Forums: Skydiving: Safety and Training:
Chest Altimeter's and Sit-flying

 


Joolee  (C License)

May 14, 2001, 8:17 AM
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Chest Altimeter's and Sit-flying Can't Post

I have often been told to be aware that chest altimeters can be effected when freeflying in the sit position because the burble creates a low pressure area. Does anyone know how much it is likely to effect it by? I have just started sit-flying and haven't really noticed any difference although I am still wary and have my TimeOut set for 5,000ft so I have time to slow off the speed for deployment.

Joolee



Craig

May 14, 2001, 8:51 AM
Post #2 of 9 (1030 views)
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Re: Chest Altimeter's and Sit-flying [In reply to] Can't Post

I think that an altimiter can read up to 1,000 feet higher than your actual altitude when it is in your burble. I think I remember reading this in the Skydivers Handbook.

Craig



DBTECH  (B 21186)

May 14, 2001, 7:08 PM
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Re: Chest Altimeter's and Sit-flying [In reply to] Can't Post

I would tend to agree with this, as 1000 feet is only slightly less than one inch of mercury in pressure drop.

Dave Brownell



Patkat  (C 31139)

May 15, 2001, 11:05 PM
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Re: Chest Altimeter's and Sit-flying [In reply to] Can't Post

I have noticed very little difference between my chest mounted and my audible altimeters when sitflying. That said, I usually glance at my chest mount at around 6,000 feet AGL and listen carefully for my audible at 4,000 feet AGL, and at ~160 mph any discrepancy would be easy to miss. I imagine that the burble around one's chest altimeter in a good, back straight up and down sit would be a lot less than the burble in a flatter back to earth position, but then, aren't our altimeters always subject somewhat to the vagaries of the wind currents around our bodies? Perhaps Altimaster or some other altimeter manufacturer would be kind enough to do some air-flow tests in a wind tunnel, and recommend optimal altimeter placement for various disciplines.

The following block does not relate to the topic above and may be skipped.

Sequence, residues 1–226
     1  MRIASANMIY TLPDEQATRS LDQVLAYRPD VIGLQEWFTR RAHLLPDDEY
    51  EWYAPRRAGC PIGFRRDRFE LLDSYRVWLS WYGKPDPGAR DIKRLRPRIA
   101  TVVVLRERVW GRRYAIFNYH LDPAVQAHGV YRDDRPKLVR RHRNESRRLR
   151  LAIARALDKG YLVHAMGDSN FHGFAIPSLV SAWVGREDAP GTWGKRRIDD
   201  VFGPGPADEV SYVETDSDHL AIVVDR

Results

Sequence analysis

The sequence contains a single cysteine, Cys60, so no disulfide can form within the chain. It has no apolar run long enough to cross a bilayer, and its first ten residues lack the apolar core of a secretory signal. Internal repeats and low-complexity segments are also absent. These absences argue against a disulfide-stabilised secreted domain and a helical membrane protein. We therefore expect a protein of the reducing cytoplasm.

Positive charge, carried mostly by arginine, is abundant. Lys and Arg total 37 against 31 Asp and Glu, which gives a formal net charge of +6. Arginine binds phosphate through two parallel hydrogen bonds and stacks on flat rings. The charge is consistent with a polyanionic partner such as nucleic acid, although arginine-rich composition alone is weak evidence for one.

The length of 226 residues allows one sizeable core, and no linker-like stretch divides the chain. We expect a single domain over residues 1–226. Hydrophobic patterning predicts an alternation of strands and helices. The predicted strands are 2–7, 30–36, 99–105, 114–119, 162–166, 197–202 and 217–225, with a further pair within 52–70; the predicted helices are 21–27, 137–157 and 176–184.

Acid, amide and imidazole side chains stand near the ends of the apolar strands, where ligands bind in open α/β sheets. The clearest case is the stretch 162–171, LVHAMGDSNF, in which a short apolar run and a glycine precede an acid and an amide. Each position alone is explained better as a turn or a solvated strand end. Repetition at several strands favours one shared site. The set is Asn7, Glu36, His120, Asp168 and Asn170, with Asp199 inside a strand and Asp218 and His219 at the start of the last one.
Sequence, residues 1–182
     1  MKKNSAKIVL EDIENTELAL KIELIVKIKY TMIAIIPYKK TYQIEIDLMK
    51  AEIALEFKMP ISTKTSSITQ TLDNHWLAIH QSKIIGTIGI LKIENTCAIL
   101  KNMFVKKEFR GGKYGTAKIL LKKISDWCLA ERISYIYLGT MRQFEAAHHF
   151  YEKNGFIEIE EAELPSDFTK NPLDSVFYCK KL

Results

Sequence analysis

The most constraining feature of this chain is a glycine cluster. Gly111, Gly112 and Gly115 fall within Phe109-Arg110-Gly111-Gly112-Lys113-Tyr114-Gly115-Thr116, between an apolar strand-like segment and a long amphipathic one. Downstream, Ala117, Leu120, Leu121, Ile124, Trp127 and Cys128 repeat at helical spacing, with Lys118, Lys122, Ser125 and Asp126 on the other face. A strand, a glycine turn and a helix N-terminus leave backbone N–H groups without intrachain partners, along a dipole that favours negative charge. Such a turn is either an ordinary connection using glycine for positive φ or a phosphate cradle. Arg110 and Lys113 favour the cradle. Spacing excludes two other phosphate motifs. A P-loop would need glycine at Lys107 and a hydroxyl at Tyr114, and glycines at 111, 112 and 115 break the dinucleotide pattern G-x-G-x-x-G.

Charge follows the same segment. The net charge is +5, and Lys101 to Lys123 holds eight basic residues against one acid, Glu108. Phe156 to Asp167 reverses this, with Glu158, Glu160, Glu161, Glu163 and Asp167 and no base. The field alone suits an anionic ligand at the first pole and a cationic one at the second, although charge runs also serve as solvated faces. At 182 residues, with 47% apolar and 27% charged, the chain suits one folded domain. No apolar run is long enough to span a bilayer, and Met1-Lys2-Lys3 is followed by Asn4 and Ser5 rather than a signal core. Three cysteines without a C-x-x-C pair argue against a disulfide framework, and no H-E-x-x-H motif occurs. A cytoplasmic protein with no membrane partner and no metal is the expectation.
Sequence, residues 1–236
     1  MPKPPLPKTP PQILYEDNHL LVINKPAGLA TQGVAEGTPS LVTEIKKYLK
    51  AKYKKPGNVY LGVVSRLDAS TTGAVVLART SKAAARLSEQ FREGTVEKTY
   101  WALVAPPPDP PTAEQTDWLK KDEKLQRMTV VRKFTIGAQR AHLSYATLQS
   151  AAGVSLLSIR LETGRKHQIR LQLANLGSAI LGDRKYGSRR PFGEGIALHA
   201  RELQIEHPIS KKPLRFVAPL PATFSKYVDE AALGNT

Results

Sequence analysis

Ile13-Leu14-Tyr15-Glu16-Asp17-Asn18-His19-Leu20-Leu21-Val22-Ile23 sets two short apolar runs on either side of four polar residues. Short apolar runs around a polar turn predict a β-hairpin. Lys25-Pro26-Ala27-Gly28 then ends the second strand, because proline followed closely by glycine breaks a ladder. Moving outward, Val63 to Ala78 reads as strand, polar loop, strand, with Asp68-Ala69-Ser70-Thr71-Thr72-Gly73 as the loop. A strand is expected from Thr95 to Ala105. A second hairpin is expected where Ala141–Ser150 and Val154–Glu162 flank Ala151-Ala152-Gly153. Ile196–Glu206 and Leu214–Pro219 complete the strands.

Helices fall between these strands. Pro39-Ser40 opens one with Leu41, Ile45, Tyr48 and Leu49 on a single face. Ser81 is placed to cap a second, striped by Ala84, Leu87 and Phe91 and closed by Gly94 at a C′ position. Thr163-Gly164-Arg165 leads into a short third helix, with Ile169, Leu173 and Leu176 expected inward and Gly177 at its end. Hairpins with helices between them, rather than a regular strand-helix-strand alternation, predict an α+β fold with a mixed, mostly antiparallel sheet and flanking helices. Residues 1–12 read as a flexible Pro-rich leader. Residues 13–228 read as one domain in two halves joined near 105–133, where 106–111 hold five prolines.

blues - -Patkat



cdunham

May 16, 2001, 4:10 PM
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Re: Chest Altimeter's and Sit-flying [In reply to] Can't Post

Why don't you borrow a wrist/hand mount and find out for yourself? You could see what different body positions have what effect on the difference between the two. This would be like a calibration for your individual burble.

Carl



Dutchboy  (A 37004)

May 16, 2001, 6:21 PM
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Re: Chest Altimeter's and Sit-flying [In reply to] Can't Post

You sound like me. I wear 3 altimeters, one on the wrist, one on the chest, and an audible (PRO-Dytter). I've checked my wrist mounted Altimaster-3 against my chest mounted ft-50. I've noticed that the ft-50 reads higher at altitude (+400 at 14k), I've cross-checked with the altimeter in the plane and found that the Alti-3 is dead on.

It is hard to read the wrist mount from a sit, which is why I got the chest mount. I still always wear both even when doing RW. I think you should always have an audible when you sitfly.

The Dutchboy
http://www.geocities.com/ppolstra


Joolee  (C License)

May 17, 2001, 1:32 AM
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Re: Chest Altimeter's and Sit-flying [In reply to] Can't Post

Thanks for all your advice...I will start wearing a wrist mount ASAP - until then I'll rely more on my audible.

Joolee

p.s (for Dutchboy) In the UK it is a requirement for freeflyers to have an audible altimeter.



BenW  (C License)

May 17, 2001, 2:09 AM
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Re: Chest Altimeter's and Sit-flying [In reply to] Can't Post

Joolee,

Don't RELY on your audible. Use your eyes and get to know how your pull heights/breakoff heights look. It's a good clue when everyone disappears, tracking off into the distance that you've missed break off.... Tongue

Just my 0.5 pence!
B.



Joolee  (C License)

May 17, 2001, 3:34 AM
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Re: Chest Altimeter's and Sit-flying [In reply to] Can't Post

Hi Ben,

I knew someone would pick me up on the fact that I used the word rely. What I meant is that I am aware that an audible alti in my helmet would not be effected by sit flying whereas my chest alti might.

If I waited till I saw people tracking off on the last few jumps I fear I would not be here to tell the tale...have only done solos recently...hee hee hee. And I do look at the ground as a gauge of height but I'd probably end up pulling abvove 5,000ft if I relied on that (...sorry, I'm feeling a bit cheeky at the mo Tongue).

Thanks for your 0.5 pence...i'll put it in a jar and save it up for a cup of tea at the DZ...

Joolee




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